'Here to demand justice': Protest held in Saskatoon over RCMP’s handling of tensions in Nova Scotia
SASKATOON -- More than 150 people rallied in front of Saskatoon’s RCMP building at 400 Brand Place beside Circle Drive South in support of Mi’kmaq fishers as tensions continue to rise in Nova Scotia.
Lindsay Knight, one of the rally spokespersons called for the defunding of the RCMP after following stories in the ongoing dispute between the Indigenous people of N.S. and commercial lobster fishers. Many say the RCMP not doing enough in protecting Mi’kmaq people after a fire destroyed a Mi’kmaq lobster pound over the past weekend.
“I am not here today to beg. I am not here today to ask. I am here to demand justice.” shouted Knight. “I am so sick and tired of always having to stand here, of always having to stand to demand justice for Indigenous rights, for Indigenous people.”
Robert Merasty, Chief of the Flying Dust Cree Nation talked about the historical relationship Indigenous people have with the land and how they only took what was needed to survive. He criticizes commercial lobster fishers talking about the importance of conservation when he says the Mi’kmaq are only fishing for less than one percent of the lobster population as a inherent and Treaty Right.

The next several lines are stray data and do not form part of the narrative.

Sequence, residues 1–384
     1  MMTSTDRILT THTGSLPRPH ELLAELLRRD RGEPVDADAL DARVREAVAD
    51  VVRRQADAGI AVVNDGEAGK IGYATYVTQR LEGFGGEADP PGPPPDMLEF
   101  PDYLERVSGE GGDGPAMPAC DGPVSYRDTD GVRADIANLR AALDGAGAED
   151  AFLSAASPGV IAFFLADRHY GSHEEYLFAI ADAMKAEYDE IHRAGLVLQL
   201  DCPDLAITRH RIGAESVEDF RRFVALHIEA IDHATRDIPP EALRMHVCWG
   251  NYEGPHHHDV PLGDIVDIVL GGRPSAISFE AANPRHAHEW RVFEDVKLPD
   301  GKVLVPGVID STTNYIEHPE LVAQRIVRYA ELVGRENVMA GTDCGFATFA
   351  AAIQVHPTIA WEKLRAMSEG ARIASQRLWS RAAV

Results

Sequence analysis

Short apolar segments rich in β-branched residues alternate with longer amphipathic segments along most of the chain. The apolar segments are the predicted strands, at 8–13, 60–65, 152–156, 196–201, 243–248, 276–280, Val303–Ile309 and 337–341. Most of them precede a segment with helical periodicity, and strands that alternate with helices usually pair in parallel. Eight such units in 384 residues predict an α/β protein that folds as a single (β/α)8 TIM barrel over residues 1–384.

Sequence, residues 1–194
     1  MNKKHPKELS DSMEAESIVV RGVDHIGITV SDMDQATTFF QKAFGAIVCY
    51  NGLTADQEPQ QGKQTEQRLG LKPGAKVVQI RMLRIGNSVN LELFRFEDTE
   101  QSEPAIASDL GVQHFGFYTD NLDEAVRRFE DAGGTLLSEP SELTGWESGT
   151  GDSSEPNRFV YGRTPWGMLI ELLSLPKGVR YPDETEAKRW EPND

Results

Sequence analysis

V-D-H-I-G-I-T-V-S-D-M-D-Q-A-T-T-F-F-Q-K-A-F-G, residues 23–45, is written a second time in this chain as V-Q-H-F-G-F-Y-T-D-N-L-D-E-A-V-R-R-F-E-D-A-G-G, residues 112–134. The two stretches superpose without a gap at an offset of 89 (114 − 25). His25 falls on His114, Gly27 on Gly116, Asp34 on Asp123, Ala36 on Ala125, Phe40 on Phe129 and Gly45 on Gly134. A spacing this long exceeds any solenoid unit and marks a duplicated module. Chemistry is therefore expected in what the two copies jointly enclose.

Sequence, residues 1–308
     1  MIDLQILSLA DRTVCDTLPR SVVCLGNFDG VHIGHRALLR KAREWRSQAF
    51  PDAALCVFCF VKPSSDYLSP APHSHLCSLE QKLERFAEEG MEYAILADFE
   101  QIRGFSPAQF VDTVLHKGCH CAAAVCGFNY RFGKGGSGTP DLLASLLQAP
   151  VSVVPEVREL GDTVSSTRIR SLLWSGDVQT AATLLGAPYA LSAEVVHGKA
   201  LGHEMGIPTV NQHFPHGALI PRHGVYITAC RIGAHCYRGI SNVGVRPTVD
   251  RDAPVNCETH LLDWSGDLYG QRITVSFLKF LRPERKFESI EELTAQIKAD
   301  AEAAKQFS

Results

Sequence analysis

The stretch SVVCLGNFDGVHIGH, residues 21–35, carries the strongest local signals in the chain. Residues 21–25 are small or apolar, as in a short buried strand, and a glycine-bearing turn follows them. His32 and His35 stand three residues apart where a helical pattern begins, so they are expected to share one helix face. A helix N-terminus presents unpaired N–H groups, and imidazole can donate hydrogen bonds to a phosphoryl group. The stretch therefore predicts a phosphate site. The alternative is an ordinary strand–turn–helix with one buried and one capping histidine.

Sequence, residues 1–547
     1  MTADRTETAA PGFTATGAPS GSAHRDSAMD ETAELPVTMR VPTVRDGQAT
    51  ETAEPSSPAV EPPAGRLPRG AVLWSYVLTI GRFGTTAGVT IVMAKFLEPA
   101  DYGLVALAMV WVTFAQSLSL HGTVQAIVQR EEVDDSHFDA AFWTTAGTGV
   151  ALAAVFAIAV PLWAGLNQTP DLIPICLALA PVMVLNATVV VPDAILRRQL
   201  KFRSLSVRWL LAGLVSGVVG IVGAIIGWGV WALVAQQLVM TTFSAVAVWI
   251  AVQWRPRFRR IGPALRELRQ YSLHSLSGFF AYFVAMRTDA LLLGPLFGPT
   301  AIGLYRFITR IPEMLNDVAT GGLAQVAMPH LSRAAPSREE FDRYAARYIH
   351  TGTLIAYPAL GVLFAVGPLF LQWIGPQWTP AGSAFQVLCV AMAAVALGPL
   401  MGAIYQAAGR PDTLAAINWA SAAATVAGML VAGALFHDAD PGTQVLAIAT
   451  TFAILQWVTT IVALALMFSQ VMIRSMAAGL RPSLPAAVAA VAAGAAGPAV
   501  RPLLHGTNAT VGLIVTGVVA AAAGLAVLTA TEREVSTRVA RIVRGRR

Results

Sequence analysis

“History tells us that our people have always walked with this Earth. Our plants and animals, taking care of Mother Earth, we always walked in that way in harmony. We were not the ones who decimated our beaver population or bison population. We only took what we needed to survive for our livelihood and now the Mi’kmaq are being accused of that. (federal government) get your head out of the sand to adhere to the Supreme Court decision of moderate livelihood to honour our obligation, our Treaty Right to hunt and fish,” said Chief Merasty.
Sylvia McAdam, a lawyer, professor and one of the founders of Idle No More said she has been watching the developments in N.S. closely. She said Canada is only following the rule of law when it’s in favour for the country and not the Mi’kmaq people.
“Canada brings out the rule of law when they want to enforce it to their benefit. There is a rule of law happening here that Canada refuses to enforce. The RCMP are a part of the problem. We are here today calling for them to enforce the rule of law. A 1999 Marshall decision from the Supreme Court clearly states that the Mi’kmaq have a Treaty Right. It’s the rule of law. So for the RCMP to standby and watch the violence, they’re upholding, in my opinion and researchers will support this, white supremacy and racism,” said McAdam.
Monday night, an emergency debate took place in the House of Commons with opposition parties accusing the Liberal government for inaction.
Prime Minister Justin Trudeau defended his government by indicating that it approved additional resources to increase police presence in the region over the weekend. Trudeau also promised to work with both Indigenous and non-Indigenous communities to come up with a solution.
“We need to have an approach that doesn't just recognize inherent treaty rights, but implements their spirit and intent,” Trudeau said. “That's why we will work with commercial fishers and the Canadians to ensure that this is done fairly. I understand that this is challenging, but this isn't an inconvenience, but an obligation. If we are truly to be the country that we like to think of ourselves as, this is the road we must walk.”